Today, one year after the fall of Aleppo, many of my Syrian friends on Facebook still post in Arabic when they mourn for their country. Once, these people—mostly high-profile social media activists—wrote primarily in English. It was their job to tell the story of Aleppo to a wider English-speaking audience. But during the besieging of the city, many began to post in Arabic, as processing the pain became a private ritual—the writing was for us only. It no longer mattered that many followers would not understand. Their status messages, once full of news of revolution and war, now wrote about depression, post-traumatic stress disorder, and suicide. One well-known activist from Aleppo recently posted on Facebook after discussing her struggle with depression and therapy, “We are more than our Facebook profiles. We didn’t just come into existence in 2011. We are humans, with our losses, our stories, our romances, and our brokenness. I wish with all my heart for everyone who is struggling to find a safe space to heal.”
There is a slow, collective effort to take stock of our trauma. We suffer from acute hopelessness. The guilt of survival cripples us, while our oppressive optimism insists that we “not give up.” And while these two forces remain in constant tension with each other, an unspoken question haunts us all: What was all of this for?
The social media feeds of those who stayed in western Aleppo—largely unscathed compared to the east—and those who fled but remained silent through the years suggest a different reality. These Syrians, apologist elites as well as those who kept quiet out of fear or apathy, have taken to loud gloating. They post smiling selfies taken in front of the Citadel, the ancient castle in the heart of the old city, and photos in the ravaged historic quarters with captions pledging to rebuild Aleppo “better than before.” When I scroll through their videos, I see comments with crying emojis and obligatory declarations: May God punish whoever caused this. I no longer wonder if they’re being subversive or ironic. They aren’t. As an exiled cousin of mine put it after watching an Instagram “tour” of some of our cherished restaurants and shops in Aleppo, posted by one of her “silent” friends: Those of us who didn’t stay silent “are the ones who missed out the most.” Truly, war brings on its own extreme FOMO.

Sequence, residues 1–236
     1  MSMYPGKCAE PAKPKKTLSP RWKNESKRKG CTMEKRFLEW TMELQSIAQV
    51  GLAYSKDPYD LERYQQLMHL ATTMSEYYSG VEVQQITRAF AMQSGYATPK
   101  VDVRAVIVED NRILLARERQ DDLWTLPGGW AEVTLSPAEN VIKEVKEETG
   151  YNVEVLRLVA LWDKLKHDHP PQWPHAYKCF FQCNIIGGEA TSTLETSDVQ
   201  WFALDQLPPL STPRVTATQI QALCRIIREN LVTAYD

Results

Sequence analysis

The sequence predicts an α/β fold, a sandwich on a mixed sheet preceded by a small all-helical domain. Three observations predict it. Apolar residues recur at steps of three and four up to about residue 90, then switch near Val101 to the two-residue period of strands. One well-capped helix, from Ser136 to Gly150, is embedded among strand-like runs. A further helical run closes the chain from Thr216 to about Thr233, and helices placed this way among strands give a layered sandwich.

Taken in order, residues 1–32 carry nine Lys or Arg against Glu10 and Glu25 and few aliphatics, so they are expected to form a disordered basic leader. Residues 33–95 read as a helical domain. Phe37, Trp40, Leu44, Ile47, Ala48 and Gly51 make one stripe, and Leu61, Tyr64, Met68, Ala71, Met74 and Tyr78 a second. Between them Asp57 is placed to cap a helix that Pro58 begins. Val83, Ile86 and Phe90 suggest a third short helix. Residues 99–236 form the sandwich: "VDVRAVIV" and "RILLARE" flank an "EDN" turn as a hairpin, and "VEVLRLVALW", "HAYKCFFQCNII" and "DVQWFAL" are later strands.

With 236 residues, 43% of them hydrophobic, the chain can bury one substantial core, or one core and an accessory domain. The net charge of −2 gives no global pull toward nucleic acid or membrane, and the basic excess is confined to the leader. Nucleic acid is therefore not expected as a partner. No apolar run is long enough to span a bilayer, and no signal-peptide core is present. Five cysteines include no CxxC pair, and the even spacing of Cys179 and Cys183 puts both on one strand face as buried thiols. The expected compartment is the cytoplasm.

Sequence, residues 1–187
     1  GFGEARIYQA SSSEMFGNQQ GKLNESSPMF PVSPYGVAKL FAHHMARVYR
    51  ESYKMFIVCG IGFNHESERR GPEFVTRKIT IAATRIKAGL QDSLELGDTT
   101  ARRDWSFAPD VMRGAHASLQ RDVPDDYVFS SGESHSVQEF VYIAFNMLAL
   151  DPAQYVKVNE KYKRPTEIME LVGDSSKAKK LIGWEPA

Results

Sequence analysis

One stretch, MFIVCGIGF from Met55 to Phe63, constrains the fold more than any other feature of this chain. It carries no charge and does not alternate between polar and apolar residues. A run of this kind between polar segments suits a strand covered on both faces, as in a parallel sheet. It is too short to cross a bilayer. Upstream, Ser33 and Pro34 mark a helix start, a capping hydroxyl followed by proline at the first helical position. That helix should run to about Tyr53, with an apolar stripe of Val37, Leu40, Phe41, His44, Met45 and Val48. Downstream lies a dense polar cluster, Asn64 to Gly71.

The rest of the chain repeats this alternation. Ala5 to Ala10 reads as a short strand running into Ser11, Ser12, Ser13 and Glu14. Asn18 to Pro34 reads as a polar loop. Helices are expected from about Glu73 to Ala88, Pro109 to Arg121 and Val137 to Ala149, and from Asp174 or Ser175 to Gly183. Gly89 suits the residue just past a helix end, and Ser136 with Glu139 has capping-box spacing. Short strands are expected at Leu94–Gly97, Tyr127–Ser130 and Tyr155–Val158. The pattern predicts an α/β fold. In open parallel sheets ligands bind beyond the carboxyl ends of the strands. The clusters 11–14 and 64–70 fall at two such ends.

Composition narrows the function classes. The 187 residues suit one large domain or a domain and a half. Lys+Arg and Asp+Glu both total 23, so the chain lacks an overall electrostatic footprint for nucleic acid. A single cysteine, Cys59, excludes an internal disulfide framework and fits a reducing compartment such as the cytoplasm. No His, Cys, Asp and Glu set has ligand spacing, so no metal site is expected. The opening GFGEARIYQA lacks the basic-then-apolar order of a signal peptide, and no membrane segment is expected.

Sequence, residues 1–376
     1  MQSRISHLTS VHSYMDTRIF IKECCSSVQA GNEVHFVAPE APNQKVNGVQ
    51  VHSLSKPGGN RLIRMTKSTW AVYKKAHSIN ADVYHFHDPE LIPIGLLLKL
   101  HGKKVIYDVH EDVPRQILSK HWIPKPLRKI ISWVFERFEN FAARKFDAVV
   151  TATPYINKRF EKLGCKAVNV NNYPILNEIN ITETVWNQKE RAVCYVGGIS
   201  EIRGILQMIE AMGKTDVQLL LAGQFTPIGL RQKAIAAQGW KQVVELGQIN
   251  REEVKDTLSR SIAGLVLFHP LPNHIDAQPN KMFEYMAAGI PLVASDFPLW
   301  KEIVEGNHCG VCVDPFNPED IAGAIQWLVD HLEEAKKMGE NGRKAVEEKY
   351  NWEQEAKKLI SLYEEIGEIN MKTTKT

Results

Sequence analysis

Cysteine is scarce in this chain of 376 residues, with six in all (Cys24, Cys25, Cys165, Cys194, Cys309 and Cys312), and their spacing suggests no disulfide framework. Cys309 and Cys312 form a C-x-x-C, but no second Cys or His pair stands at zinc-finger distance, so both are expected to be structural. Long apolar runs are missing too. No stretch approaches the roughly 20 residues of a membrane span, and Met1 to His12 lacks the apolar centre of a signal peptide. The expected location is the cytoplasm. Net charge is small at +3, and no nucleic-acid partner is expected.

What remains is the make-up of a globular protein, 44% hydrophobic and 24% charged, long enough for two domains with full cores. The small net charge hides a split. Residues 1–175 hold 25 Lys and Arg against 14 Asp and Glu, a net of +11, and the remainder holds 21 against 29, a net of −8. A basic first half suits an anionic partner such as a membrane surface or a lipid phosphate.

Sometimes, the destruction in the videos is so absolute, there’s nothing recognizable left. But in my mind, I conceive of my past as a memory map: Here is where I bought my first mix tape. Here is where I tasted my first green almond. Here is where I learned to draw. Here is where we danced under the stars, in Club d’Alep where “Careless Whisper” played for years (long after it was cool).
These days, pundits and politicians talk about Assad winning the war, as if it doesn’t matter that his victory came at the cost of cities now reduced to rubble, and the lives of hundreds of thousands of his own people. Nothing seems to matter—neither the refugees nor the dead nor the disappeared. All are irrelevant. Those of us who spoke out are the irrelevant ones today, left to live with a brutal reckoning we didn’t deserve, with old songs playing on repeat in our minds in streets we will never see again. In the seven years since millions of people across the Middle East rose up against the dictators who ruled them, it is the ones who crossed their arms, turned away, and stayed silent as their fellow citizens were slaughtered, disappeared, and exiled, who became the relevant ones. For now, at least.
Every day I wake up and have to make peace with loss and devastation, with guilt and shame. Unexpected memories—a song, a scent, a photograph, a taste of home, the news of a beloved pop star’s death—push the trauma to the forefront, piercing me. So many of my friends, now scattered across the globe, suffer from the same pain. This is the process of becoming a survivor: to be able to look towards the future with hope while carrying the pain of what’s left of the past.
When despair hits, I try to concentrate on what is relevant. I redefine hope from its oppressive, absolute, and static form, into practicing thousands of small actions that carry the potential to make things better in the long term—like rescuing Syrian refugee children from child labor, or telling my children stories about my beloved city so they can create their own secondhand memory maps of Aleppo even if they may never go there. Hope is the belief that the accumulation of these actions will make our vision of a just and free future not only relevant but real. That is our battle now. And often, it is mostly with ourselves as we learn to survive.